Some Symptoms of swallowing disorders called, “dysphagia” may include:

  • Frequent coughing during meals
  • Coughing while drinking liquids or taking pills
  • A wet gurgly sounding voice quality
  • Recent unexplained weight loss
  • Recent diagnosis of pneumonia
  • Difficulty making the food “go down”

 

There are a number of reasons why swallowing can be "difficult" for a person with PD.  The reason you need to get a referral for an evaluation with a speech- language pathologist (SLP) is so that they can identify the unique causes of the swallowing difficulty for you as an individual. The evaluation usually consists of an examination of the muscles for chewing and swallowing and then possibly a modified barium swallow study if the SLP suspects a problem in the pharyngeal stage of the swallow, which is more difficult to observe directly. When the evaluation is done the SLP should be able to describe your swallowing problems, the underlying physiology causing the problems, your risk for aspiration, and treatment strategies that appropriately address the cause of the problems.
 

Although people with PD share a common etiology there may still be heterogeneity within the population regarding the cause of swallow problems.  There are a number of reasons why swallowing can be "difficult" for a person with PD and it is important for the health care team to understand these issues.  Appropriate treatment techniques to address swallowing disorders in PD need to address the motor and sensory components.  Common treatment approaches for swallowing deficits in PD include:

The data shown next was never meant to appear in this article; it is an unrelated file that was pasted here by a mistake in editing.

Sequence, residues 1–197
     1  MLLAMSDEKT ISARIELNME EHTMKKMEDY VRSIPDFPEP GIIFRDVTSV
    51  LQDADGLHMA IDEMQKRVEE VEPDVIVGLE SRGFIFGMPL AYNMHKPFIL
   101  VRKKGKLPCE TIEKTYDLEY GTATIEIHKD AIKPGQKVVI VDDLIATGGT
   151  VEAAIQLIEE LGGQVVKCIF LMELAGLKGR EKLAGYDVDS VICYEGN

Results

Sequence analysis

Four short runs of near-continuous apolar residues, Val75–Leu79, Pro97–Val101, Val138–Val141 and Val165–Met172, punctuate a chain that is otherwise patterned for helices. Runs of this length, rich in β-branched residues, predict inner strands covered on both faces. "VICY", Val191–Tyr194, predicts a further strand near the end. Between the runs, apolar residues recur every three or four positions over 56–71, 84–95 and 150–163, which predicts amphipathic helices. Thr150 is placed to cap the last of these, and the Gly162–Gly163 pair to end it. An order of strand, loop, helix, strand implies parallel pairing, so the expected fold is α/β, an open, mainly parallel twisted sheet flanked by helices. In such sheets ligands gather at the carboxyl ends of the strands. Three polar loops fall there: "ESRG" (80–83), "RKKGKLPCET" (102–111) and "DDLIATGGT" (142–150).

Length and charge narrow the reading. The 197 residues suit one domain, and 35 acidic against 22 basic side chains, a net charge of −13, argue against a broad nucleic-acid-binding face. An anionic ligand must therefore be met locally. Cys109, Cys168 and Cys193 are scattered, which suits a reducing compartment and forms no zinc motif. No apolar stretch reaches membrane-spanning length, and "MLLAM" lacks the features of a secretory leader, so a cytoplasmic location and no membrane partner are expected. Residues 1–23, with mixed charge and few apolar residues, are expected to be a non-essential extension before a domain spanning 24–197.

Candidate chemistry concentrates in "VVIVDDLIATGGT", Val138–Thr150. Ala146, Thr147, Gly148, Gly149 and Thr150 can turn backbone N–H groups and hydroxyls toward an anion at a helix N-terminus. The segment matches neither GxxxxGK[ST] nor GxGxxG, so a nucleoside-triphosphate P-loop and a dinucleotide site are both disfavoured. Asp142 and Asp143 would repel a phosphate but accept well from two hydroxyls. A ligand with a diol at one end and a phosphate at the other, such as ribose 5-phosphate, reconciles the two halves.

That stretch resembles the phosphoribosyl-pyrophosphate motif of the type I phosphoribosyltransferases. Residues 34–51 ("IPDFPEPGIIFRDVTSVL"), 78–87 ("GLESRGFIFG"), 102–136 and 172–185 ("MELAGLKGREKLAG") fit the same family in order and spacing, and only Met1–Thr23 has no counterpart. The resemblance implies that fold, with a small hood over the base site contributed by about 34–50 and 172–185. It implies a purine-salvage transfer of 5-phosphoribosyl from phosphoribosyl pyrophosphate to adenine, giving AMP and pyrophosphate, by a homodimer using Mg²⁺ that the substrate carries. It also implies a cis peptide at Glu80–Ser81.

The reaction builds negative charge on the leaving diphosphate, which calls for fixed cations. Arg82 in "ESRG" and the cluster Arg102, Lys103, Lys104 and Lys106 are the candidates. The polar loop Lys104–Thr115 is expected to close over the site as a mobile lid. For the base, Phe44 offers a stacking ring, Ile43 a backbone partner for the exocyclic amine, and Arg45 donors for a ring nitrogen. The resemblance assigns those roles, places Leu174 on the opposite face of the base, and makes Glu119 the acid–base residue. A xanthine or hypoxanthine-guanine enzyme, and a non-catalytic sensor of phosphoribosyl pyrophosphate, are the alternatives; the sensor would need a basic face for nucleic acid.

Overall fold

• Modifying bolus flow with postures
  • Maneuvers to improve airway protection or airway clearance
  • Alterations in diet consistency
  • Sensory stimulation
  • Exercises to improve swallow function
  • Alterations in feeding environment

I recommend that you get a referral for a swallowing evaluation with a speech-language pathologist who has experience with Parkinson disease to learn what can be done to maximize swallow safety and oral intake in addition to consulting about specific diet recommendations.

 

Sinemet is a combination of drugs to replace lost dopamine and help the synthetic dopamine stay in the system to help improve symptoms of PD.  Sinemet has been documented to help with axial limb symptoms more than speech or swallowing symptoms although the response of specific individuals to the drug can not be predicted.  It is more likely that exercise will be a key variable to improving the safety and efficiency of your swallow.

 

Please write again if you have any additional questions. 

 

Sincerely,

 

Leslie Mahler, PhD, CCC-SLP


Leslie Mahler, PhD, CCC-SLP

Associate Professor

University of Rhode Island